Tomorrow is a remarkably consistent and engaging album that—to be blunt—manages a finer balance between virtuosic playing and tasteful singing/songwriting than many of their more established contemporaries can muster.

With the release of 2014’s debut LP, The Tunnel, Philadelphia-based outfit Shadow Merchant cemented itself as one of the area’s most promising new progressive rock acts. Having had several years to hone their craft, the band was met with plenty of acclaim for their ability to balance earnest and refined songwriting with complex yet very welcoming and fitting instrumentation. It’s not too surprising, then, that their recently released follow-up, Tomorrow, finds them perfecting those traits in the midst of expanding their range and styles. As such, it’s an even stronger album that should bring them even more accolades, attention, and opportunities.  

Citing many classic acts as influences (including Rush, Kansas, ELP, King Crimson, and Renaissance), Shadow Merchant has played at many local venues, such as the Keswick Theatre and World Café Live, as well as arguably the most esteemed genre festival in the country, RoSfest, this past May. While founding guitarist Sean Reiter and original bassist/vocalist Howard Whitman remain, the group is now completed by three newer members: vocalist Yvonne Blackwell, keyboardist Michael LaBuono, and drummer David Lee. Fortunately, these changes have resulted in the best line-up possible for Tomorrow, with Reiter concluding, “Everyone performed at peak level, and the quality of production we achieved with Brett [Caldas-Lima, mixing] is nothing short of astounding. We feel this CD represents a huge leap forward for the band. . . . Tomorrow represents a great new beginning for the second incarnation of Shadow Merchant.” It’s really a superb record from start to finish.

Opener “Invisible Energy” does a fantastic job of showcasing how well the quintet works together. From its forceful, almost prog metal opening riffs, percussion, and synths to its smooth and fetching melodies (with which Whitman and Blackwell demonstrate great vocal congruence), it’s a really gripping way to start. (Of course, the brief guitar and keyboard solos are highlights, too.) Fortunately, they continue to perform with shared elegance on the highly catchy “Moving Standing Still” and the introspectively robust “Everything.” Naturally, Blackwell also proves quite adept at offering soaring dominance on “A New Life” and vulnerable reflection on “Stars” (which, like “The Beginning of the End” and the wordless “Valkyrie”, also finds the group going all-out on their inventive and intricate instrumentation).

In keeping with genre tradition, Tomorrow ends with a lengthy eponymous suite; specifically, “Tomorrow” is broken into six parts, and each one is exceptional in its own way. For instance, “Silhouette” radiates pathos with its central guitar riff and dejected choral storytelling; afterward, “Questions” provides a frenzied contextual score before “Summer” sees Blackwell lamenting over a lovely piano and string arrangement. Likely the most arresting portion, however, is “Adelaide” due to how Whitman’s affectively assured singing is complemented by a hypnotic harpsichord motif, another great guitar solo, and a restrained yet fitting rhythmic plan. The penultimate “Empty Space” acts as a progressive metal moment of conflict to give finale “Tomorrow” even more cathartic and conceptual weight. The duo’s repeated chant of “Feel the joy and deal with the sorrow / Can’t negotiate, no time to borrow / Live for today but plan for tomorrow” helps them connect with the listener, evoking a cumulative sense of return after an epic journey. (That the sequence begins and ends with birds chirping is an effective touch as well.)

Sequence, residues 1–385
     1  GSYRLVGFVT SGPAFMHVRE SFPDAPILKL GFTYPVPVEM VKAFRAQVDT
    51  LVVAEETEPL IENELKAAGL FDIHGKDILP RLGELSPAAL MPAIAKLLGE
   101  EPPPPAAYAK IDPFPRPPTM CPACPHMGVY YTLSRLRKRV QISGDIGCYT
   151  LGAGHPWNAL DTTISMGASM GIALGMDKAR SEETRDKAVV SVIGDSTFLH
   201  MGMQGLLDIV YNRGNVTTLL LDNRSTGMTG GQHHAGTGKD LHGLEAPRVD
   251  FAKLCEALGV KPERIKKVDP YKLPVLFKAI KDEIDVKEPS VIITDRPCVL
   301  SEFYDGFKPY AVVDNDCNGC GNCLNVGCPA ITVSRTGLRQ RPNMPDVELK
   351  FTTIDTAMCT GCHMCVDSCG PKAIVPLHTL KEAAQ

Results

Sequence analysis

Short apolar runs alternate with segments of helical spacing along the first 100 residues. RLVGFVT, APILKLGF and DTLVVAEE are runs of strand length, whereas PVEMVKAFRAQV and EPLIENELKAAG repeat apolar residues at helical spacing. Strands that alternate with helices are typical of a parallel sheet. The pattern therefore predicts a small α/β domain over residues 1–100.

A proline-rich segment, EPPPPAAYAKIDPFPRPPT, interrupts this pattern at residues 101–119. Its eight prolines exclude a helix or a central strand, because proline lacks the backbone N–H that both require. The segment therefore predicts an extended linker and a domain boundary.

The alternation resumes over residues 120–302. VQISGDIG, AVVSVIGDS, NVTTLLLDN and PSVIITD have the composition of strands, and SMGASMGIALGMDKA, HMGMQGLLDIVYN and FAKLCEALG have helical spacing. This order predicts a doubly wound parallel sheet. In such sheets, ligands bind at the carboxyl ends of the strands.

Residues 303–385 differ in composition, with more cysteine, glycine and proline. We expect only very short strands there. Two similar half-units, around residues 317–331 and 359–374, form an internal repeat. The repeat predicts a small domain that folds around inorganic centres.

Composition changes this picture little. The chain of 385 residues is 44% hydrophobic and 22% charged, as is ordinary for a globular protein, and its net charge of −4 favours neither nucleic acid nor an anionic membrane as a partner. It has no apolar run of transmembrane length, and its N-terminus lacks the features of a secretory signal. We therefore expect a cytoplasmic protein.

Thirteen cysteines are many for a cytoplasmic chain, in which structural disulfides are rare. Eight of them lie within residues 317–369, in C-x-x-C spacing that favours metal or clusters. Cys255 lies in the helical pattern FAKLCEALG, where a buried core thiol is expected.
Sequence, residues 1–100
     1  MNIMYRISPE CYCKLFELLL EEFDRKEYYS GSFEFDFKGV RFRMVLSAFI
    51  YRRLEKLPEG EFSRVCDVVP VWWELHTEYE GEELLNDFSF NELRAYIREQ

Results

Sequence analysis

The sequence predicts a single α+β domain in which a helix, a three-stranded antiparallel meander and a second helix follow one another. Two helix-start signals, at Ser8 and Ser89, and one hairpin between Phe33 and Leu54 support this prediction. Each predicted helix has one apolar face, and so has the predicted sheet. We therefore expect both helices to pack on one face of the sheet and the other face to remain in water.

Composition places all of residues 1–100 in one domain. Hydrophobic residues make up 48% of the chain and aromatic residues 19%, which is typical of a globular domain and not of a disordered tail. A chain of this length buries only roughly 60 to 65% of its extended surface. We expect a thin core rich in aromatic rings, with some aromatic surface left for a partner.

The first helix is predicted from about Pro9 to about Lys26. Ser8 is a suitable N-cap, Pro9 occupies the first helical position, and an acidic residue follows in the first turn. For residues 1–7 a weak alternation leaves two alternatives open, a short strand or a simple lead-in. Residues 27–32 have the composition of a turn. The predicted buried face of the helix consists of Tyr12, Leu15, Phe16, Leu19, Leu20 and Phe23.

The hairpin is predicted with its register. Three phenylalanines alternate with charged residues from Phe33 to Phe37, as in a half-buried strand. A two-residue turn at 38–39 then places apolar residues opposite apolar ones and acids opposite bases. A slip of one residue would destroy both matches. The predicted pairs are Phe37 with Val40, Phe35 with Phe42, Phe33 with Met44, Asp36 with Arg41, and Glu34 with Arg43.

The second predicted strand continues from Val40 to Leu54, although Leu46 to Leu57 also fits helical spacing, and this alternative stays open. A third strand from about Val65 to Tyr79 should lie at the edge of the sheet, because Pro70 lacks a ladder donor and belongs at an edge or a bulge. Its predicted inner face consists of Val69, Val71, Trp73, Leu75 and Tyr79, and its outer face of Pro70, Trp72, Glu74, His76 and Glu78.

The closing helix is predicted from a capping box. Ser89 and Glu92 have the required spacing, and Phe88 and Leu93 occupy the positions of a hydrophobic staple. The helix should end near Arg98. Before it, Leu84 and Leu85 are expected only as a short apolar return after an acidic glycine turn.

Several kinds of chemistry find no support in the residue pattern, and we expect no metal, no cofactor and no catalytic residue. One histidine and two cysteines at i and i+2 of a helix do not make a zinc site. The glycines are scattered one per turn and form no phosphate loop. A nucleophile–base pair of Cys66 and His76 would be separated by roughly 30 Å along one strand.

As great as Tomorrow is overall, there are some very minor issues with it, too. For one thing, the group can wear their influences on their sleeves a bit too much at times (such as how the openings of “Stars” and “Valkyrie” channel Kansas’ “Song for America” and Dream Theater’s “A Nightmare to Remember,” respectively, a bit too closely). Also, some of the lyrics can be a bit too on-the-nose/cliché and/or saccharine /cheesy (“Help me now, get my feet back on the ground / Help me now, I was lost but now I’m found,” from “Stars”), and Blackwell’s choruses on “The Beginning of the End,” while quite good technically, also feel a bit rushed in terms of phrasing, as if she’s eager to catch up with the rest of the measure. Of course, none of these things really take away from how strong the LP is, but they do stick out once you notice them.

Despite those small grievances, Tomorrow is a remarkably consistent and engaging album that—to be blunt—manages a finer balance between virtuosic playing and tasteful singing/songwriting than many of their more established contemporaries can muster. Whitman and Reiter continue to lead the charge with great ambition and ability, while LaBuono, Lee, and (most transparently) Blackwell fit right in and help elevate what Shadow Merchant can do as a collective unit. If you’re a fan of the genre, you won’t want to miss it.
 

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